As teachers and tutors, we are always being told that we need to challenge our students more. Classroom learning walks and lesson observations document how well school leaders believe that we are pushing our students’ learning to the next level. Parents often want to know exactly what methods are in place to help their children excel. Advice on exactly how to do this, however, can sometimes be vague.
One of the ways that you can help your students to make visible and demonstrable progress is to use the ‘probing’ technique. This technique is designed to help students to activate their existing schema about a topic and to develop their spoken answers. You can usually see some progress being made almost instantly by using this strategy.
What Is Probing?
Probing is a form of questioning that encourages students to extend their verbal answers in the classroom. There are three types of probing questions which are particularly effective for both classroom teaching and small group/individual tuition: probing to clarify ideas, probing to expand on ideas, and probing to contextualise ideas.
Why Is Probing Important?
It is sometimes tempting, when a student gives you the right answer on the first attempt, to move straight on to the next part of your lesson or tutorial. By moving on immediately, however, you are wasting a learning opportunity for that child. They already had the knowledge you were requesting, and although their answer might have helped other students within a classroom setting, their level of understanding (and the understanding of students at the same level as them) has been left unaltered.
This is where probing comes in. Encouraging students to explain their answer or to further develop an element of their answer helps to push their own understanding (and their levels or articulacy!) to the next level. This is known as elaboration. Research suggests that this process helps your brain to form new connections between information, making it more likely that you remember and store it.
What Are Some Examples of Probing Questions?
When you ask students to clarify an answer, you are asking them to make it more clear:
- What do you mean by that?
- How would you explain that to a younger student?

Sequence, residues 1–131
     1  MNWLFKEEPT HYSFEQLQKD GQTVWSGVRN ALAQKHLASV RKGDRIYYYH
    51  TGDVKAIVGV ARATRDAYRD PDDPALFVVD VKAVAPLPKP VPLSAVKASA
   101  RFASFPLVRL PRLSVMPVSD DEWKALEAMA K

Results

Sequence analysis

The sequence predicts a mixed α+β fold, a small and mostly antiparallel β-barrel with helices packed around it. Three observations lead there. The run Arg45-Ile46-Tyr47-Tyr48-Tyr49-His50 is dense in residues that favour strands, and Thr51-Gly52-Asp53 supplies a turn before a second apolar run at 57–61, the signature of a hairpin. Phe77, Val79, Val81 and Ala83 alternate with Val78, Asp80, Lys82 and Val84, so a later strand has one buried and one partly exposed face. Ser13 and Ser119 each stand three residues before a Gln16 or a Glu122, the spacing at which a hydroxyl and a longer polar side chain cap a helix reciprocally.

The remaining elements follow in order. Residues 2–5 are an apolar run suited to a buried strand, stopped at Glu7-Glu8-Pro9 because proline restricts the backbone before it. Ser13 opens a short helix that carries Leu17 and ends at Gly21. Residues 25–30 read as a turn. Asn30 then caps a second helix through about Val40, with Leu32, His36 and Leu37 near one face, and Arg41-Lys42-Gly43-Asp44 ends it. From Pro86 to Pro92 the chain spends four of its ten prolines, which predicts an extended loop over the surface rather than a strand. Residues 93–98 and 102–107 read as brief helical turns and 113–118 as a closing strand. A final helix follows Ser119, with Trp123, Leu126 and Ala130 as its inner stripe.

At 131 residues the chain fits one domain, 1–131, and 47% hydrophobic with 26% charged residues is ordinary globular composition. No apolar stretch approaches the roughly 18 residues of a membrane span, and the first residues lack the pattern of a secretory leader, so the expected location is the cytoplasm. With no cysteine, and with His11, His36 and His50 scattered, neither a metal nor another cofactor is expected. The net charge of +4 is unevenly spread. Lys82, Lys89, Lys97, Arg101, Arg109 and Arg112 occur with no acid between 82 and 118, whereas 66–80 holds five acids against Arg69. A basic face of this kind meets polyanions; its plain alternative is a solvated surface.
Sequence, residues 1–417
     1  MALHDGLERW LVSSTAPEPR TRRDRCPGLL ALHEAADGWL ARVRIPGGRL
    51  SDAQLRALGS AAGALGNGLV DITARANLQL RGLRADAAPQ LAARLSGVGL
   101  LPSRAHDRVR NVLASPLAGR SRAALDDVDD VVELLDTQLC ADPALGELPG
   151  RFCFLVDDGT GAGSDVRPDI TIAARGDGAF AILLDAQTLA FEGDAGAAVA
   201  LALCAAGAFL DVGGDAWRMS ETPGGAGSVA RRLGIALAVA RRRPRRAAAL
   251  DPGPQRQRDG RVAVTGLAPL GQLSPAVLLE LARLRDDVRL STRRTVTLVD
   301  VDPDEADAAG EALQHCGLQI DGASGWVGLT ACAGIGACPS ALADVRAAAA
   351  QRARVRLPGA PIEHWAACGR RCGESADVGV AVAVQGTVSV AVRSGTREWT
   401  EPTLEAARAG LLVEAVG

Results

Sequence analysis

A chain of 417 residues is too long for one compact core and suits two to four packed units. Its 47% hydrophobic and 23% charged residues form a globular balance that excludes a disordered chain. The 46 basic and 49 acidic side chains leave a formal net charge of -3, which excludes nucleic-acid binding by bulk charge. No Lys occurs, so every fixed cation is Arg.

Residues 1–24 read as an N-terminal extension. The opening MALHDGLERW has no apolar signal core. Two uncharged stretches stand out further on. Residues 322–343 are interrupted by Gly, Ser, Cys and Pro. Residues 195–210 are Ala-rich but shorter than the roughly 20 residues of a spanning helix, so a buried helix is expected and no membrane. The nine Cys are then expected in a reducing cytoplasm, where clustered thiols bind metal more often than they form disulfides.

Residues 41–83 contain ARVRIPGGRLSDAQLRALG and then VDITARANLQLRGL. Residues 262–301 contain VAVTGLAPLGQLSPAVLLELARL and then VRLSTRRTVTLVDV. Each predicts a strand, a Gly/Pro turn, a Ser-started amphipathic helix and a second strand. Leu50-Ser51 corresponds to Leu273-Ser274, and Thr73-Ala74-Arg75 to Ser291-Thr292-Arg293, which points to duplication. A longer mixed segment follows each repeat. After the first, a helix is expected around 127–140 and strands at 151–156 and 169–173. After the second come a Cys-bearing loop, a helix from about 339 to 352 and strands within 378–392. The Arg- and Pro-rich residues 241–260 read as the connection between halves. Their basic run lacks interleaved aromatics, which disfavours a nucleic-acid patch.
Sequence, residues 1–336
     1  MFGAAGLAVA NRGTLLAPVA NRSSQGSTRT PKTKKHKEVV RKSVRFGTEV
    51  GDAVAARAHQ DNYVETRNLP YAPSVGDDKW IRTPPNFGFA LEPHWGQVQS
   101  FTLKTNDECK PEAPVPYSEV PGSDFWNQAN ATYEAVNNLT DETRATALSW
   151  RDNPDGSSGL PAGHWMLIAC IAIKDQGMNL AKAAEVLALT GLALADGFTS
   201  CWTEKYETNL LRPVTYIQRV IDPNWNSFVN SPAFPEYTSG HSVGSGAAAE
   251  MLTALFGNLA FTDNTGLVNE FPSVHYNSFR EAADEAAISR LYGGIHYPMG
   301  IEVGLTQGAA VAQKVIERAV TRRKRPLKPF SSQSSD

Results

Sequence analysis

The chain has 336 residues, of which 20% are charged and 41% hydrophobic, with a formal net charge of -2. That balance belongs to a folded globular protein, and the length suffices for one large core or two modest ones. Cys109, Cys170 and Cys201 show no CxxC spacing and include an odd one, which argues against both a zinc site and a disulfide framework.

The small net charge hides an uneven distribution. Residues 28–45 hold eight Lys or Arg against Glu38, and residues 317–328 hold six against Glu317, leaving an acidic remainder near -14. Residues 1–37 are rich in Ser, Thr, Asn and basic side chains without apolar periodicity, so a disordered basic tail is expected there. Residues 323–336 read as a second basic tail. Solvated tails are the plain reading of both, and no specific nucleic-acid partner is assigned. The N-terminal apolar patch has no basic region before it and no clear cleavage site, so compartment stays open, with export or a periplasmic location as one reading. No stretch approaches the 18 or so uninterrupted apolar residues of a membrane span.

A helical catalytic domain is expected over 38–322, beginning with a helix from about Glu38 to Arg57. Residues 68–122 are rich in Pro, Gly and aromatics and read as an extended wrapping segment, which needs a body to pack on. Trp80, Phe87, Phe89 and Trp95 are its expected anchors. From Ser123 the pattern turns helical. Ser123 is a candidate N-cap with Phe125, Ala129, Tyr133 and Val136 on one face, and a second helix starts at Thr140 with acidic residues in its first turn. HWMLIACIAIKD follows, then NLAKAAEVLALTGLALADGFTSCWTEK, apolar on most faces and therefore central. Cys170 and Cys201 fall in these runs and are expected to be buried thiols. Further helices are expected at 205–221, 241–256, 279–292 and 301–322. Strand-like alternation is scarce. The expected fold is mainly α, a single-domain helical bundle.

- Can you give me another example of that?
- How did you work that out?
When you ask students to expand on an idea, you are asking them to elaborate on and extend their understanding of the idea:
- How do you think this would have an impact on…?
- What evidence do you have for that?
- That’s an interesting word you used there – can you explain why you chose it?
- What would this mean for… (related idea, topic, step, or process)?
When you ask students to contextualise an answer, you are asking them to place it in its correct context to discover how this might affect the accuracy of the answer:
- How did your knowledge of the time period affect your answer?
- How would your answer change if we were alive 100 years ago?
- Why do you think some people might disagree with your answer?
At Get My Grades, we have worked hard on our platform’s questions (we have over 75,000 of them!) to make sure that they probe students effectively. Many online learning platforms rely solely on multiple choice questions but at Get My Grades, we have developed questions of different formats including single word questions, short written questions, questions using images, questions relying on diagrams, and questions that become increasingly difficult as a student develops their knowledge of a concept. These questions help to probe students’ knowledge at a much deeper level than multiple choice questions ever could and helps them to elaborate on existing knowledge.
We also give students the option of testing their knowledge at a concept level, sub-topic level, topic level, and unit level. This helps them to benefit from the ‘spaced learning’ technique, where students repeatedly return to a topic at regular intervals rather than covering it once a year and hoping that they remember it.
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